Thousands of Liberians came to the United States running away from not one, but two civil wars that killed 250,000 people and displaced close to one million. The years of political unrest in the 1990’s completely destroyed my country’s economic infrastructure. Since the last internal conflict that ended in 2003, the West African nation has struggled to recover. To make matters worse, in 2014 and 2015 it experienced a deadly Ebola outbreak.
DED beneficiaries have literally nothing to go back to if they are deported. This is why Liberians are shocked that Donald Trump has decided to extend the humanitarian program known as Deferred Enforced Departure (DED). With the decision to end the program over the next twelve months, thousands of families in communities like mine who have made Staten Island our home, will lose their legal status and become Trump’s new targets for deportation.
At least 8,000, and probably many more, Liberian immigrants live in Staten Island’s Park Hill, Clifton, and Stapleton neighborhoods, making the Borough one of the areas with greatest concentration of Liberians outside of Africa. In fact, Park Hill Avenue in Clifton, is often referred to as Little Liberia. There are thousands of tenants and homeowners who work hard to support their families and losing DED means losing it all.
I’m a proud Staten Islander who came to this country in 1985 and have had the good fortune to have been able to become a US citizen. But many of my fellow Liberian friends and neighbors, who fled civil war a decade later in our native land, have never had that opportunity. Many of my relatives have DED, and they have been here for decades. New York is home for all of us now; I can’t imagine them being taken from us, and having our family torn apart.
It’s devastating to see my community fall prey to Trump’s hostile and racist anti-immigration agenda—the same agenda that led him to terminate the Deferred Action for Childhood Arrivals (DACA) program; end Temporary Protected Status (TPS) for Central Americans, Haitians, Liberians, and more; and ramp up immigration raids that terrorize families across the country.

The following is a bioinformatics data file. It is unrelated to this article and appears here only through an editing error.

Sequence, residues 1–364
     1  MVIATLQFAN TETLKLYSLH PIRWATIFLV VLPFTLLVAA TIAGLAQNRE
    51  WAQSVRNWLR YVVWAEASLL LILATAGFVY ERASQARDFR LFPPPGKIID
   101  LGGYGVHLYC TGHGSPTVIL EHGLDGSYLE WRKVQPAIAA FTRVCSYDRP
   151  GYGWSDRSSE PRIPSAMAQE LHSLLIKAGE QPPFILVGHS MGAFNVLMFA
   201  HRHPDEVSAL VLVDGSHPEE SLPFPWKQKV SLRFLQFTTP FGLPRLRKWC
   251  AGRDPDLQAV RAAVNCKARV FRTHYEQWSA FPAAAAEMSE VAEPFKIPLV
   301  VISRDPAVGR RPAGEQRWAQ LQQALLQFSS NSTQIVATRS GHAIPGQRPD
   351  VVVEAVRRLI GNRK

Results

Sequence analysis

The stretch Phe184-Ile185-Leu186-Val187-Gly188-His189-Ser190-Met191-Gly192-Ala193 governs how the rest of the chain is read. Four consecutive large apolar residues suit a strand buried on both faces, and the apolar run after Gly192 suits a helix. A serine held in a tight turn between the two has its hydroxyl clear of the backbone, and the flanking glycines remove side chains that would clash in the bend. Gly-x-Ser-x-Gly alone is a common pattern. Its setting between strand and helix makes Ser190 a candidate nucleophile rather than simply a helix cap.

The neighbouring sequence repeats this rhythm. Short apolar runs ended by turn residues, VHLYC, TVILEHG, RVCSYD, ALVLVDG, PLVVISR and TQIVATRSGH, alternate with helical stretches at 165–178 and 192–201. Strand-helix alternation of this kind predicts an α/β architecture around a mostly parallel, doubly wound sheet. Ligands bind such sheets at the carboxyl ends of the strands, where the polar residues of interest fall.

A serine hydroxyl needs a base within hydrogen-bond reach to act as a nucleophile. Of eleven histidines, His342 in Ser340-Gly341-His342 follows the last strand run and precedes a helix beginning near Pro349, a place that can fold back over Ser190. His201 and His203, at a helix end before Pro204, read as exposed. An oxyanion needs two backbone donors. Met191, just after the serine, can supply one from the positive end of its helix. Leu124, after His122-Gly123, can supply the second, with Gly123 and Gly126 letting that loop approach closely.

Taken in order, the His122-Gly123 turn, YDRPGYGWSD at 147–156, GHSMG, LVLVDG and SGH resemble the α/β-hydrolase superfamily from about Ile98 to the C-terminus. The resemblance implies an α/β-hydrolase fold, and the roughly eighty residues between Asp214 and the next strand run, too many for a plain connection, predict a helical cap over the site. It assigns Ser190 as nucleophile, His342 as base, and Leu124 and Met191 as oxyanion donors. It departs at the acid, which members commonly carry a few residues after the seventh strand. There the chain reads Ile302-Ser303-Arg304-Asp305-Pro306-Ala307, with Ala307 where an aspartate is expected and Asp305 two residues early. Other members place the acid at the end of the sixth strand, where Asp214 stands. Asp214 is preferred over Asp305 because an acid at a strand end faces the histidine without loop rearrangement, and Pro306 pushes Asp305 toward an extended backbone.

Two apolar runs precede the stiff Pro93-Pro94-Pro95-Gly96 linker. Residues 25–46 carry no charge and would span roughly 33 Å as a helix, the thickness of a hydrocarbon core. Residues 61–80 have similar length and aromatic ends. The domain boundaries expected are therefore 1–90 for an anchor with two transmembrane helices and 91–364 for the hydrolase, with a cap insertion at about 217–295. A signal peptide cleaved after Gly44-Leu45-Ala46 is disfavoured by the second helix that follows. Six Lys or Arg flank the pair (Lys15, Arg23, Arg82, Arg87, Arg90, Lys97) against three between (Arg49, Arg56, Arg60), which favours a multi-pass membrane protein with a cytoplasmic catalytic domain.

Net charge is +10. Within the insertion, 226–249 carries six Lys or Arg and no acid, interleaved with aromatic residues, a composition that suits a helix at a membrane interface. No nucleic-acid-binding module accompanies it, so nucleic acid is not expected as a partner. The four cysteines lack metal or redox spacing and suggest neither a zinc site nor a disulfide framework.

The DED program has offered legal status, work permits and a safe place to stay for nearly 5,000 Liberian immigrants who escaped violence.
DED’s extension fell solely on the president’s discretion. But, instead of showing sensitivity to the needs of my community—and an appreciation for the contributions we have made to this country—he has chosen to attack us.
Liberians like me—in Staten Island, and across this country—are hard-working people, homeowners, and, in many cases, the parents of U.S.-born children. If they are sent back to Liberia, it would also mean the country would lose the remittances sent to relatives a stream of funding that is critical to recovery of the nation.
Congress must also act to provide a permanent solution for Liberian and other TPS holders.
We are encouraged by the initiatives of Congress Members like Nydia Velazquez (D-NY), Keith Ellison (D-MN), and Senator Jack Reed (D-RI). They have introduced multiple bills looking to protect Liberians and offer a path to citizenship, including the American Promise Act and the Liberian Refugee Immigration Fairness Act.
But the clock is ticking. Trump has failed the Liberian community. We need Congress to break through the gridlock and solve the latest crisis he has created.
Jennifer Brumskine-Gray is a Liberian immigrant and a community organizer with Make the Road NY, the largest grassroots community organization in New York offering services and organizing the immigrant community. On Twitter: @MaketheRoadNY